Have you noticed the lilac bushes are in bloom? In the Midwest every spring in early May the streets and yards are lined with beautiful purple fragrant lilacs. Perhaps you grew up with a Common lilac, Persian lilac, Dwarf Korean variety, Himalayan, Chinese lilac or even a lilac tree. My sister Linda Kay Doyle had a beautiful white lilac bush that she cherished. It was an exceptionally fragrant lilac in her yard, just off her deck. My sister Linda died 10 years ago, May 5, 2005. She was an avid gardener and whenever I would visit her home, we would walk arm and arm around her yard to explore what was currently in bloom.
Linda was an educator who was very compassionate and cognizant about the surrounding world. She was always giving me fiction and non-fiction books that would get me thinking. We had long conversations about the underlying theme of books such as the Kite Runner and The Red Tent. The week before she passed, she urged me to watch the movie Hotel Rwanda with Don Cheadle.
Hotel Rwanda is the story of the 1994 horrific genocide that took the lives of one million people who were brutally murdered in Rwanda, Africa. In an era of high-speed communication and round the clock news, the events went almost unnoticed by the rest of the world. In three months, one million Tutsis; men, women and children. were massacred by the hands of the Hutu marauders. The movie shared the courage of one man, who in the face of unspeakable dangers granted shelter to thousands of helpless refugees in the hotel that he managed.
I never had the chance to chat with Linda about her thoughts on the Rwanda genocide. And yet, two years after she passed, I learned about a woman who survived that genocide and I knew that I had to hear her story. Immaculee llibagiza was a Tutsis college student, who was urged to go into hiding by her father. Immaculee found shelter at a pastor’s home, where she and seven other women hid from the deadly rebel mob in a 3-by-4 foot bathroom for 91 days. During those 91 days of unimaginable suffering, Immaculee found her faith, taught herself English and most incredibly, committed herself to a life of peace, hope and forgiveness. Even for those who had murdered her family.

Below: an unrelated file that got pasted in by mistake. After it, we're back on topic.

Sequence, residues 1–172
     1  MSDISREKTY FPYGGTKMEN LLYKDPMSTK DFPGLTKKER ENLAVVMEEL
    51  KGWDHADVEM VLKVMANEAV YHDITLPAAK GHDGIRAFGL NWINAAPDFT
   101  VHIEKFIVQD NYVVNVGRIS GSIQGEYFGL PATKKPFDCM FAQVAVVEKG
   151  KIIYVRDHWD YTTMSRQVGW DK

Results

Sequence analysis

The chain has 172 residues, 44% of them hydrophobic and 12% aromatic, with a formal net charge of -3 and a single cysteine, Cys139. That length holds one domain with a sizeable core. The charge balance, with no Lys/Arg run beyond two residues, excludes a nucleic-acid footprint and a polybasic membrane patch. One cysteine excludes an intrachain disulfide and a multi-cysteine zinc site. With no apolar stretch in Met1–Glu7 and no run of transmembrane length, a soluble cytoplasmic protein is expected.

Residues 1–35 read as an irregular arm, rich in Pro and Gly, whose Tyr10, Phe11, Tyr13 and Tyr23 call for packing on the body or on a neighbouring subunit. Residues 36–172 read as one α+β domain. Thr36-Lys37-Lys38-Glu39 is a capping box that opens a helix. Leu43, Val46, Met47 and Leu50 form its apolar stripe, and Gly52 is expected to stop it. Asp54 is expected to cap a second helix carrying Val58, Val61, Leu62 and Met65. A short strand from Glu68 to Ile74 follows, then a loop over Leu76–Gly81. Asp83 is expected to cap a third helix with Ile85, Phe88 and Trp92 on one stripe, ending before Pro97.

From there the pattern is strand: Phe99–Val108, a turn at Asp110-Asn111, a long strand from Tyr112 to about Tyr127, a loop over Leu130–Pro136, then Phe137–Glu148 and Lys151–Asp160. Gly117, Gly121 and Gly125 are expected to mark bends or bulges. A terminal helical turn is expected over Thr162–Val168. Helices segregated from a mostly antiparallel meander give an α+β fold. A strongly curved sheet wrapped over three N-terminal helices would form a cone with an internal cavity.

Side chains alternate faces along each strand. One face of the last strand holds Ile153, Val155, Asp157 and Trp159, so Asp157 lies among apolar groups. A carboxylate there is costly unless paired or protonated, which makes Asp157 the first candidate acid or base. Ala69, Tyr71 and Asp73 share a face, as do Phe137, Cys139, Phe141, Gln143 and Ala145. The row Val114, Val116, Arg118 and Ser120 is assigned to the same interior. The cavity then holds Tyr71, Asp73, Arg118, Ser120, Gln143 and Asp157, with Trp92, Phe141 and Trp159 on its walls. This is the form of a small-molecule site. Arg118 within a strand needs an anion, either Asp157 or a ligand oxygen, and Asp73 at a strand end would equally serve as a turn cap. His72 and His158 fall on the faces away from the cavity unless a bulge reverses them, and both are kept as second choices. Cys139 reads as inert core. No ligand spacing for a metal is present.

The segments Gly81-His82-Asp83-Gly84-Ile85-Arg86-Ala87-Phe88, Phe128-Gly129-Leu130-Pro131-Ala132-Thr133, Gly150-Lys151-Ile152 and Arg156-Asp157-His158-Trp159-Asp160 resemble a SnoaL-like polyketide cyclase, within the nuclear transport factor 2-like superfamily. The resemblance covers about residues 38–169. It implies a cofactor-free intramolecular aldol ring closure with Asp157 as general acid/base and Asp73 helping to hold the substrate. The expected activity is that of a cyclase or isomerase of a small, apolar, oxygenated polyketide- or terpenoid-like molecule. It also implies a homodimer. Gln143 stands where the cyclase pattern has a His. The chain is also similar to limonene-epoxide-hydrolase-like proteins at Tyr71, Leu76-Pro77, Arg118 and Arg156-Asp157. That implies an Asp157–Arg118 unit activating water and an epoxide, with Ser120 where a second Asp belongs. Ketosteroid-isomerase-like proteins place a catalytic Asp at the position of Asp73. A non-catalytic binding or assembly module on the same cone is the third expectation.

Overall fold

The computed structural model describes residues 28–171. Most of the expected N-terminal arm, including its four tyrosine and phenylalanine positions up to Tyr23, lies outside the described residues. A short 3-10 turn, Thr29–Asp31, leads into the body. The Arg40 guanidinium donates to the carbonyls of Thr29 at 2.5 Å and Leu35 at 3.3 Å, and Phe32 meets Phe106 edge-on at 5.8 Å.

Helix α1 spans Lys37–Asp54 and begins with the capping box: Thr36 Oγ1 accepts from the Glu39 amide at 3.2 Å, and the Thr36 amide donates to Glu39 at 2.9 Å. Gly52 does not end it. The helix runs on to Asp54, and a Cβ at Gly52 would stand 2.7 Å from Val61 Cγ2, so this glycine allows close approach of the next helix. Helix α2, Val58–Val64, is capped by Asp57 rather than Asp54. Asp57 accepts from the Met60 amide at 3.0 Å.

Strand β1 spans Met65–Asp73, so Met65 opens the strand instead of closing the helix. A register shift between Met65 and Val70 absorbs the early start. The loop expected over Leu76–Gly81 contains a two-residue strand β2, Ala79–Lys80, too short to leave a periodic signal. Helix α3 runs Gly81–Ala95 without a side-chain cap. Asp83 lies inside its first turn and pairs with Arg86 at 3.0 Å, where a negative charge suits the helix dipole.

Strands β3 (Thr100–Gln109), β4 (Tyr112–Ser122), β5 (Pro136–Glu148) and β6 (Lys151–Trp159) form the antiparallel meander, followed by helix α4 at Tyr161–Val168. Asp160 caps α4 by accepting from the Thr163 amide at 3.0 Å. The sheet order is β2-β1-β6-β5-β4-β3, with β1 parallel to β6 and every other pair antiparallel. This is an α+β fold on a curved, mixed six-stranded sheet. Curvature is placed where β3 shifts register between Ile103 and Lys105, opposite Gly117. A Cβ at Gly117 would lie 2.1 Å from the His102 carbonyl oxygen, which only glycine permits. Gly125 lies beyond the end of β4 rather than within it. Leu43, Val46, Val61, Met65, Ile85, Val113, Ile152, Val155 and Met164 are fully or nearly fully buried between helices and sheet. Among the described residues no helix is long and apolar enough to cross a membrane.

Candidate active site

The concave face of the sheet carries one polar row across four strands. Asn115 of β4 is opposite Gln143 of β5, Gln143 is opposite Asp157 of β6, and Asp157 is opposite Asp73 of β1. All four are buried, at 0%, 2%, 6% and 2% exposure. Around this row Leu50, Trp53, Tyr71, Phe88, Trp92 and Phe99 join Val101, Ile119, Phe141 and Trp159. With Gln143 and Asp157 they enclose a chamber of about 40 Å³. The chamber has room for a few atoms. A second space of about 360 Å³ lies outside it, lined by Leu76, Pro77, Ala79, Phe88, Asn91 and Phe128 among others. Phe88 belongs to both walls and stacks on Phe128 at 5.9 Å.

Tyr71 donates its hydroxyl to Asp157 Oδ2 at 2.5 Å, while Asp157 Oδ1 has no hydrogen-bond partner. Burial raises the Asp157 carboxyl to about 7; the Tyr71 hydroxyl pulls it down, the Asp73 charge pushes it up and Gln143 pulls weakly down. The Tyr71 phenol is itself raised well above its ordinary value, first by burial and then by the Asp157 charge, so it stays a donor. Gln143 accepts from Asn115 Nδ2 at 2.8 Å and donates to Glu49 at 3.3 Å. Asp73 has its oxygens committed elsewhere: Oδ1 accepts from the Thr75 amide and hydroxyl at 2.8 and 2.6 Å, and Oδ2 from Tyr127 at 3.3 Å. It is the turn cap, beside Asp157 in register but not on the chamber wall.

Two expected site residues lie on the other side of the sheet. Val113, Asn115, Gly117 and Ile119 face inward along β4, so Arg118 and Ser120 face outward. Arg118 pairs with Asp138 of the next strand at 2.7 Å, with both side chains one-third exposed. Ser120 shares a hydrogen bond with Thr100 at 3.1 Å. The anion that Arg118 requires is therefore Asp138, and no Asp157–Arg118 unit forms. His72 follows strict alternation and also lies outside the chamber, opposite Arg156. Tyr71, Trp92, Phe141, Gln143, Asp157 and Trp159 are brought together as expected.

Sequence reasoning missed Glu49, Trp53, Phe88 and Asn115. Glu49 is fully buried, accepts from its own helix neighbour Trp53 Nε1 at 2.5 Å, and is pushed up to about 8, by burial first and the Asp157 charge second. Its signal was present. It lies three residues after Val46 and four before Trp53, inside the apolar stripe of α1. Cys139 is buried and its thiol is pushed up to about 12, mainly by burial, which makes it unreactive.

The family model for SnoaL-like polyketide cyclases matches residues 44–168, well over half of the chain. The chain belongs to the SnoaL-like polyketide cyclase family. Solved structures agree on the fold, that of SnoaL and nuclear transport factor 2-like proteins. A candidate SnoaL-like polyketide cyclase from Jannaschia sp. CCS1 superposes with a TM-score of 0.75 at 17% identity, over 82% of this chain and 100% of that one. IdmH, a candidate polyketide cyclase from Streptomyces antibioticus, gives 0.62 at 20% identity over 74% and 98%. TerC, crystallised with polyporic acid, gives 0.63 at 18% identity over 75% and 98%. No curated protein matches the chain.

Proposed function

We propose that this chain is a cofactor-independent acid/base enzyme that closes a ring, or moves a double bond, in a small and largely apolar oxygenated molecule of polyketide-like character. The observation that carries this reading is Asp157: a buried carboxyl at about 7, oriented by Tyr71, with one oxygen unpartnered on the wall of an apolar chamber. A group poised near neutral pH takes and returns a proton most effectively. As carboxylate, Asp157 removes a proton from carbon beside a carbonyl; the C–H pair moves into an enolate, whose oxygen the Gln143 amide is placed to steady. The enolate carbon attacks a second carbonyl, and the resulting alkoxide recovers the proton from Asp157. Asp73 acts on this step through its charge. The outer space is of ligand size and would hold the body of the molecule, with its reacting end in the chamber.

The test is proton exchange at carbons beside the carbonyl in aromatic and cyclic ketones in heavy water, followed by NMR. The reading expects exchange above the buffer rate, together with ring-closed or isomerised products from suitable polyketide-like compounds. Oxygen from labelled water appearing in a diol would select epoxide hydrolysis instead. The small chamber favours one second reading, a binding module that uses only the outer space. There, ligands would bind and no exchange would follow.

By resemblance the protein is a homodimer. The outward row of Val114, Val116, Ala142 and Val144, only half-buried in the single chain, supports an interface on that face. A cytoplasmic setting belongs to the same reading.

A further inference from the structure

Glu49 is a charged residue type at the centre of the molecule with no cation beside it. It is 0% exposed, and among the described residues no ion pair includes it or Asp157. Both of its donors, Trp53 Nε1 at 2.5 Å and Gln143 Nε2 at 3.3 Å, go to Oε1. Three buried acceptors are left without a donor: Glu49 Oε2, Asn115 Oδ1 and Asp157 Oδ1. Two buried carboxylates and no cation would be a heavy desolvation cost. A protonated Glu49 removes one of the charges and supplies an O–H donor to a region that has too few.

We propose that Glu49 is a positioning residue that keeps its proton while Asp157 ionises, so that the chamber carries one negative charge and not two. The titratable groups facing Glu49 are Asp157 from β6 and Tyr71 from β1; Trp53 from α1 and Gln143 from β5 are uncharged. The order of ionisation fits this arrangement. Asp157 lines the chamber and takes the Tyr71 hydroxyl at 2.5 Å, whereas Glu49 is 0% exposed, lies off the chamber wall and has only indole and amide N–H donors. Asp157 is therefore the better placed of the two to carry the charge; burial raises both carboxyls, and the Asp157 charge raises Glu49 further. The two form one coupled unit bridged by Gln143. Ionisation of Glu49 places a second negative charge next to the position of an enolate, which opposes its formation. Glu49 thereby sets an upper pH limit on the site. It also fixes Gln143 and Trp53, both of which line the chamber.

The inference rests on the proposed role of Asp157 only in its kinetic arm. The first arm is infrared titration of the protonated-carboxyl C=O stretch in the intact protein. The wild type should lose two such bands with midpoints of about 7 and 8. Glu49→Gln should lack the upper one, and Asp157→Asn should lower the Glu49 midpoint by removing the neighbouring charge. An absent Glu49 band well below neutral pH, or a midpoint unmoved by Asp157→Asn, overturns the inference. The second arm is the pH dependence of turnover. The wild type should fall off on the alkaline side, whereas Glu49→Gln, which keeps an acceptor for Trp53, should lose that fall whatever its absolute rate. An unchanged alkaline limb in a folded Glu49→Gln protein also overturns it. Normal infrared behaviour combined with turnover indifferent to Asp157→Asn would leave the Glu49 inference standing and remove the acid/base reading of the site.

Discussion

Last week, I was privileged to attend a luncheon entitled “Aid for Women” and the keynote speaker was again Immaculee. She again shared her powerful life lessons from her Rwanda experience of love, forgiveness and world peace. The organization of which she spoke was in support of Aid for Women, which has been instrumental in providing support for women, and especially empowering women to choose life. They provide funding to Heather’s House, a home for unwed mothers in providing education, medical assistance, spiritual and housing support. You can read more about their organization at www.helpaidforwomen.org. You can read one of Immaculee’s several books or watch a short video about her story.
Linda placed an enormous value on the inner strength within a women and the bond of friendship between women. Considering Linda’s own health limitations, nothing held her back, and I knew she drew strength from faith, friendship and family. Where do you draw strength to be the woman God intended you to be? How do you age gracefully and rest within the challenges of your life, in the body we have been given, and live within our unique giftedness? How do the relationships in your life help you to fly? Helping women explore these questions have become my life work. Thank you, Linda!!!!